Bromwich to Apple: Screw You, and Pay What I Say

Michael Bromwich, the court appointed attorney watching over Apple as part of the company's antitrust violation ruling, is taking issue with the iPhone and iPad maker's complaints about his actions and fees. He has even gone so far as to say that Apple's job is to pay him what he says regardless of what the company thinks is reasonable, which in this case is US$1,100 an hour.

Attorney to Apple: You'll pay what I say and be glad for it.Attorney to Apple: You'll pay what I say and be glad for it.

Apple filed a complaint with the court last week saying that Mr. Bromwich's $138,432 bill for two weeks work is unprecedented and out of line. "Mr. Bromwich appears to be simply taking advantage of the fact that there is no competition here or, in his view, any ability on the part of Apple, the subject of his authority, to push back on his demands," the company said in its complaint.

Apple also complained that Mr. Bromwich is acting outside the scope of his duties by demanding to interview Apple executives and board members without legal counsel, and that he intends to report back to the court without allowing Apple attorneys to be present.

Mr. Bromwich has fired back with his own response, according to AllThingsD, where he told CEO Tim Cook, "You people seem to think I'm working for you."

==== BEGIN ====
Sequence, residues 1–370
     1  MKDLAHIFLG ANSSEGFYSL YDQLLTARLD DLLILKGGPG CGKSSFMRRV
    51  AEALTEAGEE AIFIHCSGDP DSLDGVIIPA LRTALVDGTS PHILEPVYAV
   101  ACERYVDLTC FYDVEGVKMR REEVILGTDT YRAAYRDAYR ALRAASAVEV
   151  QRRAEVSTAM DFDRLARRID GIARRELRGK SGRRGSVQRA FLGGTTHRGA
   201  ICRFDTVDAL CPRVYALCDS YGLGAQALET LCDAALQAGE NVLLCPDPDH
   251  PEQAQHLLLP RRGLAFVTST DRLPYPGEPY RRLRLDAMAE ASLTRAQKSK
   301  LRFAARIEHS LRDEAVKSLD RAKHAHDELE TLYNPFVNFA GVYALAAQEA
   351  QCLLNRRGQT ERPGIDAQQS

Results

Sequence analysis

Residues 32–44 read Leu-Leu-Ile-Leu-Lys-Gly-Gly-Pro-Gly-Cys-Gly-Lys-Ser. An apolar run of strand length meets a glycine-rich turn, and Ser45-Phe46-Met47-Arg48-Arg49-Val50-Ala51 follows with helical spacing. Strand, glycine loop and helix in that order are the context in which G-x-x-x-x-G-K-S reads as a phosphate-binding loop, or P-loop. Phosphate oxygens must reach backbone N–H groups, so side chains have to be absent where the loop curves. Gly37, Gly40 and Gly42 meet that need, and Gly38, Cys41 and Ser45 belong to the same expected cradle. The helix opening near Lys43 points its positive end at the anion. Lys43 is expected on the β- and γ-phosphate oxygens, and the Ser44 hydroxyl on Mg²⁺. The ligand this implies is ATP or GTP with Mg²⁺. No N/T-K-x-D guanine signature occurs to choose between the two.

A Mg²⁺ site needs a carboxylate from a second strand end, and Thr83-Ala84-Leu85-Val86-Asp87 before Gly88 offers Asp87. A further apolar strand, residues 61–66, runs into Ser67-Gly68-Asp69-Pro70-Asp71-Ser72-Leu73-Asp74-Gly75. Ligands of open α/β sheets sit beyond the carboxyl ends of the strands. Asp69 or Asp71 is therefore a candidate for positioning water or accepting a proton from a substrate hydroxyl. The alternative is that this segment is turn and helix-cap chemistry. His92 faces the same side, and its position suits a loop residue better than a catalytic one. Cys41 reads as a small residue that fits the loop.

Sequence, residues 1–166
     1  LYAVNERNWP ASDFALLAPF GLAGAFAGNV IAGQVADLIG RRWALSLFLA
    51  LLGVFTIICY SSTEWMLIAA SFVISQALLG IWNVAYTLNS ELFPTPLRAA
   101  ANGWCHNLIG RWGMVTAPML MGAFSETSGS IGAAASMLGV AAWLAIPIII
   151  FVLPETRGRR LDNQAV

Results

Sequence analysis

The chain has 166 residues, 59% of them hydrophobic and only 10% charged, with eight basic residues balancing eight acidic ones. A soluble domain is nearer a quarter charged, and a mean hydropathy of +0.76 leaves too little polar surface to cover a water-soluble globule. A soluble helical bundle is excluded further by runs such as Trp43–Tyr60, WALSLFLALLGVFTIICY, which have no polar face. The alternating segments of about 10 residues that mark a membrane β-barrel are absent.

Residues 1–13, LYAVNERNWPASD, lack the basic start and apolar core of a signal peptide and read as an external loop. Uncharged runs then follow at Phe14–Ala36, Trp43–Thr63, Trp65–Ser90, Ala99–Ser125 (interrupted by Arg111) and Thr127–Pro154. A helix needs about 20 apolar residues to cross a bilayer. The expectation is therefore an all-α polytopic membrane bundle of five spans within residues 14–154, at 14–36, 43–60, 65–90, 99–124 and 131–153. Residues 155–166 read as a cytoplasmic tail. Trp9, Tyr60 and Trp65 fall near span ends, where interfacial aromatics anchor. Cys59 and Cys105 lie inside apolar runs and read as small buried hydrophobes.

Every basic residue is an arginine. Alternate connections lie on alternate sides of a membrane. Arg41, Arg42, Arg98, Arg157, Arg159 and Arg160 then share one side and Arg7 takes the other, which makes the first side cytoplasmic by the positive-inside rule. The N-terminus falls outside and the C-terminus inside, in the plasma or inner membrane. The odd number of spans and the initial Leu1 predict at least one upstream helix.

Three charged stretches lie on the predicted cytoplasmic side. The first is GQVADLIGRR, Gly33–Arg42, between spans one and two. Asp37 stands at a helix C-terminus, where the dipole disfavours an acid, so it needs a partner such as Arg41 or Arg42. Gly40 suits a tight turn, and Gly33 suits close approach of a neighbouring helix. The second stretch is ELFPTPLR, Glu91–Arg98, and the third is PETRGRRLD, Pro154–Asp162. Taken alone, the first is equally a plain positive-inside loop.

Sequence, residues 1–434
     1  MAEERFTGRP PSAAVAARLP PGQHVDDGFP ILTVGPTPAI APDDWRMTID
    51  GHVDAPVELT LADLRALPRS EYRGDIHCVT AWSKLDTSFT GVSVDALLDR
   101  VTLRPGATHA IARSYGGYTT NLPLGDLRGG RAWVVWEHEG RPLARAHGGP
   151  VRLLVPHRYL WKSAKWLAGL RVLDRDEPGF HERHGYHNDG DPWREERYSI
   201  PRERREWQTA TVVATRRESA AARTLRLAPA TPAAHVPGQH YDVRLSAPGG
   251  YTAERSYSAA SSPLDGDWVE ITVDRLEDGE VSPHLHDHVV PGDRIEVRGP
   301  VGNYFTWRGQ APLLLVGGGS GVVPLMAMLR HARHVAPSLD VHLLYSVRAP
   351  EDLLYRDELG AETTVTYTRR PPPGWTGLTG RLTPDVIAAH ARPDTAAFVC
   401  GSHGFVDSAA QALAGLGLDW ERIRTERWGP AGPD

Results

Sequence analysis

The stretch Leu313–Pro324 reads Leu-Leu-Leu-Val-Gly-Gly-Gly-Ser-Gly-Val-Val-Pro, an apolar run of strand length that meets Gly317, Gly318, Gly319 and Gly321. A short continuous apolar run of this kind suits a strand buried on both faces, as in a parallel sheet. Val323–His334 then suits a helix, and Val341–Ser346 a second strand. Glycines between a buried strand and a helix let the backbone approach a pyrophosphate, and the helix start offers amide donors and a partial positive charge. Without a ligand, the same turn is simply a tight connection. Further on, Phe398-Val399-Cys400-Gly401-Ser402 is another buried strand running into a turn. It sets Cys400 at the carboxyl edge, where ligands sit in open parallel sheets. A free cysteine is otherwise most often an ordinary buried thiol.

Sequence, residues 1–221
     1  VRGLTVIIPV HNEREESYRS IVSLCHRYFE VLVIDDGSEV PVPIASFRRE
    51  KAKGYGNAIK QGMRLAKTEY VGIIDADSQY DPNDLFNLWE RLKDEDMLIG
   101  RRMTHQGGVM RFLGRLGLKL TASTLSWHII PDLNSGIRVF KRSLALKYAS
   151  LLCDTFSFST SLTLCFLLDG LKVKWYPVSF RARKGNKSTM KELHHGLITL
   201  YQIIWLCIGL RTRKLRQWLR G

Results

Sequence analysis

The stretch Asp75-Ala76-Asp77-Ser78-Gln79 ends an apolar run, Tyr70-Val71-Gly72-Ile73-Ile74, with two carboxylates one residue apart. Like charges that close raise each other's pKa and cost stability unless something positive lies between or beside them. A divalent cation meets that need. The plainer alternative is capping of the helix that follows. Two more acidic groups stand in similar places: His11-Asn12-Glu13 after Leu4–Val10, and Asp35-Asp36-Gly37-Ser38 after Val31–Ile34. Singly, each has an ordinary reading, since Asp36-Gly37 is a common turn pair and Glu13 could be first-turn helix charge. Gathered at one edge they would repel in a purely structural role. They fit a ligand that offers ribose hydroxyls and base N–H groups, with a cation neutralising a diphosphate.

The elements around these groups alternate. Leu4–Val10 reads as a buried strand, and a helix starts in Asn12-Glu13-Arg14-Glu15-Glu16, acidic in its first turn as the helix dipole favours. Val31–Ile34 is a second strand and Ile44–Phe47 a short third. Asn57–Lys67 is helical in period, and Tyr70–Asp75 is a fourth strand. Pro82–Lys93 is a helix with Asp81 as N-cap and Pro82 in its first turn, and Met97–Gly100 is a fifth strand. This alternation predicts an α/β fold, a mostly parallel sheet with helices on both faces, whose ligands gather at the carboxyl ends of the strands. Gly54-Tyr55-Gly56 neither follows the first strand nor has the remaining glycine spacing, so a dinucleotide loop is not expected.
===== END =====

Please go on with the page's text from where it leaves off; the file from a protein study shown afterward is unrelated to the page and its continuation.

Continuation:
He added,

My fees are reasonable, and you have no idea what a reasonable fee looks like. Also, it doesn't matter if you think my fees are reasonable, because you don't get to negotiate them: You just pay them. The court will approve them.

Considering the number of legal proceedings Apple is involved in around the world, there's a good chance it has some idea what attorneys cost, and whether or not those rates are reasonable. Apple's filing said the company hasn't ever seen rates this high, and added that Mr. Bromwich has hired additional attorneys -- five of them -- to help him and cover for his lack of knowledge.

Mr. Bromwich was appointed to monitor Apple as part of the company's conviction in a Federal case accusing the company and several publishers of colluding to artificially raise book prices. The publishers all settled out of court to avoid extra legal expenses and fines, but Apple moved forward on its own and was ultimately found guilty.

Apple plans to appeal the ruling, but until that plays out it looks like Mr. Bromwich will be watching over Apple's negotiations and taking his cut from the company's coffers.

The court hasn't responded to Apple's complaint yet, but it seems clear that Mr. Bromwich isn't willing to take the accusations without putting up a fight. Considering how fired up both sides are, there's a good chance this will make for an interesting court room appearance.